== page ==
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SA citizens are due some answers about what the state is doing to implement State Capture recommendations, says Moseneke 

SA citizens are due some answers about what the state is doing to implement State Capture recommendations, says Moseneke 
From left: Slain whistleblowers Babita Deokaran, Marumo Phenya and Jimmy Mohlala were honoured at the inaugural Whistleblowers Awards on Thursday, 26 October. (Photos: Facebook; Twitter and Mpumalanga Commuter)

Former deputy chief justice calls on the state to protect whistleblowers as inaugural Whistleblower Awards celebrate journalists, rights defenders and media houses for their dedication to building a corruption-free South Africa.

The Inaugural Whistleblower Awards on Thursday, 26 October, was a star-studded event, featuring the likes of retired Deputy Chief Justice Dikgang Moseneke and newly minted Public Protector Kholeka Gcaleka. But the true stars of the lavish gala dinner were the journalists, active citizens, civil society organisations and media houses that risk their lives and livelihoods in the name of justice.

Public Interest SA, an organisation that advocates for ethics, social justice and transparency in South Africa, with sponsorship from Eskom, gathered whistleblowers from various sectors of South Africa at the Venue in Melrose Arch, Johannesburg, to honour them for their dedication to the truth.

Kicking off the gala, the master of ceremonies, Competition Commission head of communications Sipho Ngwema said that as the nation grapples with unmitigated levels of corruption and lawlessness, the individuals who speak out against injustice and corruption are met with unimaginable threats to their lives and well-being.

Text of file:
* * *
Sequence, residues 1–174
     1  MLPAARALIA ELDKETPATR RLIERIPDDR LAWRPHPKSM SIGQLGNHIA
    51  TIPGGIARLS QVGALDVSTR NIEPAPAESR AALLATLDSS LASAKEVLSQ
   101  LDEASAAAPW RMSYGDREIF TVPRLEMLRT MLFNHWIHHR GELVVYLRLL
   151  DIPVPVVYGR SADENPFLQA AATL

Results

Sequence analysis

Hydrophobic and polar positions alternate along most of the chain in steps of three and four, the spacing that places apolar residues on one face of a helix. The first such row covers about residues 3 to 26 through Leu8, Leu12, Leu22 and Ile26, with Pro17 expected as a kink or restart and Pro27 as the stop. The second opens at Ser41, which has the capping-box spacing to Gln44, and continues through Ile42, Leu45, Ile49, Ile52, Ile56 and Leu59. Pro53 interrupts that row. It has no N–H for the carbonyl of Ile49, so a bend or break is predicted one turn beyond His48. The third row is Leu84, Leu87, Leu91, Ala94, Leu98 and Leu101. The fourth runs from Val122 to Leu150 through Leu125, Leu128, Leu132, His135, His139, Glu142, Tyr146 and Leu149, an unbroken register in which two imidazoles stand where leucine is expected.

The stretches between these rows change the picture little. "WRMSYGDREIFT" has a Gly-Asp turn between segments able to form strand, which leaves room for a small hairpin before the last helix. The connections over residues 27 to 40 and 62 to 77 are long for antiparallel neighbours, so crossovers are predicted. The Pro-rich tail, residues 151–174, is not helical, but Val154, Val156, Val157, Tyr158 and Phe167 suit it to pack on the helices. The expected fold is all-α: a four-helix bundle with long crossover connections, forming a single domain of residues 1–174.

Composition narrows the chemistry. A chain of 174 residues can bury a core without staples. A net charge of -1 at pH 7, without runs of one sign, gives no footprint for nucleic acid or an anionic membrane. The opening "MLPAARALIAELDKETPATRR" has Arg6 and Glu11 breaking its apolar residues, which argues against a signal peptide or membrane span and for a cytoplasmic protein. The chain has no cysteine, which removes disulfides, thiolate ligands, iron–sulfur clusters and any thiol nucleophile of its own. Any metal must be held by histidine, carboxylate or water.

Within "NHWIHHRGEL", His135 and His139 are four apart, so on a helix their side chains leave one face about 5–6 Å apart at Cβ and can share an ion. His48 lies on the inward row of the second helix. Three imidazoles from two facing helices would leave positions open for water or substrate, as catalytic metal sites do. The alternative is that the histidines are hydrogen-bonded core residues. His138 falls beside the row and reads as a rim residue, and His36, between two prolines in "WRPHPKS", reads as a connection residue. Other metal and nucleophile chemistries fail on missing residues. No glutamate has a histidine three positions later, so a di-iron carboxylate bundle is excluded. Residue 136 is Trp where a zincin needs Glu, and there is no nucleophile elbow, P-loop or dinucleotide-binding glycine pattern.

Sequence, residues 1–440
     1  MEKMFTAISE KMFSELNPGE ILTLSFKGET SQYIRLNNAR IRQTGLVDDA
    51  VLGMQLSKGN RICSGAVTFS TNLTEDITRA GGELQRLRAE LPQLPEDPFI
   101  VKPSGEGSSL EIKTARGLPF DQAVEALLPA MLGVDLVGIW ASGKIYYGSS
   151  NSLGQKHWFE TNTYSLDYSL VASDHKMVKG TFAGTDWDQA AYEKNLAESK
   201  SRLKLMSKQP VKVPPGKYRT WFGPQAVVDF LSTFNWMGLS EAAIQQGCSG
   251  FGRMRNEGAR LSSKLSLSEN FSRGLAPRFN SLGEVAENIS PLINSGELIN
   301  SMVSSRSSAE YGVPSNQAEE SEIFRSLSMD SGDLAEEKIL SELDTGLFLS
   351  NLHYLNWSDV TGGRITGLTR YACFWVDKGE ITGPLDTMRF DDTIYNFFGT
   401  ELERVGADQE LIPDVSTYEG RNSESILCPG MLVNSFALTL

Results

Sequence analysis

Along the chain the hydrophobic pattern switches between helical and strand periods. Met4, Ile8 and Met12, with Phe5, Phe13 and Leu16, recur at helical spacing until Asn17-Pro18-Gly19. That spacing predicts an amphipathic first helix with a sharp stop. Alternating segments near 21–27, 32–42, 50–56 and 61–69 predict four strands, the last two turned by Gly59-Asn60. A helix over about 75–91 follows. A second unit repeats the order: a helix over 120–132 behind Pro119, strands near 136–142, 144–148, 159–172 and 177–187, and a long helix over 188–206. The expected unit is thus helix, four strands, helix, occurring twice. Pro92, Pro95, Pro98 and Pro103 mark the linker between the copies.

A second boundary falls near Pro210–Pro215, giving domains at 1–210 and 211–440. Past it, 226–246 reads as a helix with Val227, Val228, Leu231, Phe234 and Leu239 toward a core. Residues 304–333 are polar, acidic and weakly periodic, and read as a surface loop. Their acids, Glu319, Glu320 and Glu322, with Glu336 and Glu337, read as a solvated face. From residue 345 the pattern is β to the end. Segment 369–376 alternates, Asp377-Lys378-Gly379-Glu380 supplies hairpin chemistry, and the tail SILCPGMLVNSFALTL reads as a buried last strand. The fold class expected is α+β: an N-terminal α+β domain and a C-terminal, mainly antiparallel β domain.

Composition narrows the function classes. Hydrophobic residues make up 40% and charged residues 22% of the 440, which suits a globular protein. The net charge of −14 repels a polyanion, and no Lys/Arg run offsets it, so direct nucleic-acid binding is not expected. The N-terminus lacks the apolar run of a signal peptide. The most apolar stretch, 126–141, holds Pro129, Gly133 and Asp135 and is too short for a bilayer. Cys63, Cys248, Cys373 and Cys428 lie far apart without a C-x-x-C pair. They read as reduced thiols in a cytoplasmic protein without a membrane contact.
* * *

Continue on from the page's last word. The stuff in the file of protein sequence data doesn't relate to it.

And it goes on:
“Their pursuit of truth and justice should be commended and not condemned. Today, we come together not only to recognise and honour those brave souls but also to shed light on the systematic issues that plague our society. We must confront the culture of silence and fear that allows corruption to fester, undermine our democracy and hinder our progress as a nation,” Ngwema said.

South Africa is ranked 72 out of 180 countries on Transparency International’s Corruption Perception Index. In tandem with the high levels of corruption, whistleblower protection in the country lags far behind global standards and often inadequately protects people who speak out. 

Remembering the fallen

The pitfalls of whistleblower protection are evidenced by the assassinations of Babita Deokaran, Jimmy Mohlala and Marumo Phenya, who were honoured posthumously at the gala dinner with the Fallen Heroes of Integrity Award. The gala dinner attendees observed a moment of silence to honour their sacrifices.

Deokaran, the former chief director of financial accounting at the Gauteng Health Department, was shot 12 times in the driveway of her home after exposing corruption worth R850-million at the department.